An absolutely hilarious show is playing at the Granbury Theatre Company this month.
If you like laughing (and who doesn’t), you have to go see “Cash On Delivery.”
If it seems as though I’m raving, I am. I have seen many shows in Granbury at the Opera House, Granbury Live and now with the present group.
This is arguably the funniest show I have seen on a stage here. Not only was I about to fall out of my seat, but when I could take my eyes off the stage long enough to look around the theater, I saw others barely staying seated they were laughing so hard.
The show is a classic farce set in England. The main character, Eric Swann (Luke Hunt), has been duping the Department of Social Services out of money for the better part of two years by telling them of fake residents, etc. in the home of he and his wife Linda (Brooke Elyse Wilson).
It seems Eric lost his job at the electic company a couple years back, and when a government check accidentally fell into his hands, he cashed it, thinking the money would tide them over until he got a job the next month. However, the next month he was not able to get a job, and another check came, and so on.
Before long, other checks began arriving, Eric worked his magic (fraud) and was able to make more money than ever. All the while, Linda never knew of his unemployment.
However, Eric gets himself so deep in the scam that when he decides it’s time to get out, he can’t. The government wants to give him even MORE money.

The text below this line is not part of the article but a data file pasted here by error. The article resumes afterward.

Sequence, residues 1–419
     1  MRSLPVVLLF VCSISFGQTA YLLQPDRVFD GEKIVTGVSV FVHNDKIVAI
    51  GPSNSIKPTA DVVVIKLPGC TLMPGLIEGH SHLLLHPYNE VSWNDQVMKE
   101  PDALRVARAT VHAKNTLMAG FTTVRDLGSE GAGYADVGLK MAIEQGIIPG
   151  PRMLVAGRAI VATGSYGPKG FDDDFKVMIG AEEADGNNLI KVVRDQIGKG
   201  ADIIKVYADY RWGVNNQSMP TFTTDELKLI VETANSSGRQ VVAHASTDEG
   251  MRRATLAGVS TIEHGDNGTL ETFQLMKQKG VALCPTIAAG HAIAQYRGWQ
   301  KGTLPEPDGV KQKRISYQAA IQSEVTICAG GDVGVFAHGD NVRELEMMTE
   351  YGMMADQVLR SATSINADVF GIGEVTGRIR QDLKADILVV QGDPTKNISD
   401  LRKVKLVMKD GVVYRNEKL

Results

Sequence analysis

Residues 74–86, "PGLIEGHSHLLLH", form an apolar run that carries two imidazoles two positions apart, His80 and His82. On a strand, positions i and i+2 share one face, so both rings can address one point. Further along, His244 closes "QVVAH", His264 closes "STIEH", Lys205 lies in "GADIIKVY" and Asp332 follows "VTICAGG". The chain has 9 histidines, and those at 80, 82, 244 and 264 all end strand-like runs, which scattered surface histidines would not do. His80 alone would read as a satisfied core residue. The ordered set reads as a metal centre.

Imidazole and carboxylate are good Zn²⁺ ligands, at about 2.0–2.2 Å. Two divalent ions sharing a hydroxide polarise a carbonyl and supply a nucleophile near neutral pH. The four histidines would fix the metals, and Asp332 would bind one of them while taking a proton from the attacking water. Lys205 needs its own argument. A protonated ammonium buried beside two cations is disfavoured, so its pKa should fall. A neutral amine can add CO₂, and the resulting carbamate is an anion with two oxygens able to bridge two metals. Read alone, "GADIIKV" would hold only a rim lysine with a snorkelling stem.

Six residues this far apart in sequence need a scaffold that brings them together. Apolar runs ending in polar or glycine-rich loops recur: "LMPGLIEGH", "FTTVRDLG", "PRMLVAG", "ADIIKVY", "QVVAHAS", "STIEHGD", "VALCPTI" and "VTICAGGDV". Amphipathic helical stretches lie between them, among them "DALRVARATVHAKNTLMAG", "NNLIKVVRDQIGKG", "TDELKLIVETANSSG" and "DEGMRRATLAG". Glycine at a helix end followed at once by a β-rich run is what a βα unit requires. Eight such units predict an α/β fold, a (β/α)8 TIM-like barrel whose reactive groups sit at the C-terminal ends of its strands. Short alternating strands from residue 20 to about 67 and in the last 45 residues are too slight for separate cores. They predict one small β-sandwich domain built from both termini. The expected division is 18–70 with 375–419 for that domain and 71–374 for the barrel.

Eric enlists the help of his boarder Norman McDonald (Kent White), for whom he is also receiving benefits since he died as a “lumberjack who fell out of a tree practicing for when passed.”
In other words, Eric is smarter than the government, too smart. When they send workers around to have forms signed, identities must be switched, more deceptions must be created (all the while keeping Linda in the dark), and only Eric, Norman and Uncle George (Andy Looney) know the real truth.
The humor is perfectly timed, with the key characters playing their roles to near perfection. Whites, who could pass as an identical twin for Monty Python’s Eric Idol, and Hunt are brilliant in their chemistry, and Wilson pulls off the puzzled, frustrated and even concerned (especially when she thinks Eric is a cross dresser) wife with ease.
Looney, though his character spends much of the show unconscious after several unfortunate encounters with a door, is still terrifically funny.
Timing is everything in pulling off a farce, and the timing couldn’t be better in this production. Literally, when one door closes, another opens and most often something funnier than what we just witnessed happens.
Hidden among the plethora of humor are some messages about government’s wasting of money, how easy it is to “work” the system, and perhaps the people who put government workers in place are actually smarter than most of the government workers. Those are all fine, but just enjoy the humor. It would be a shame to waste that opportunity.
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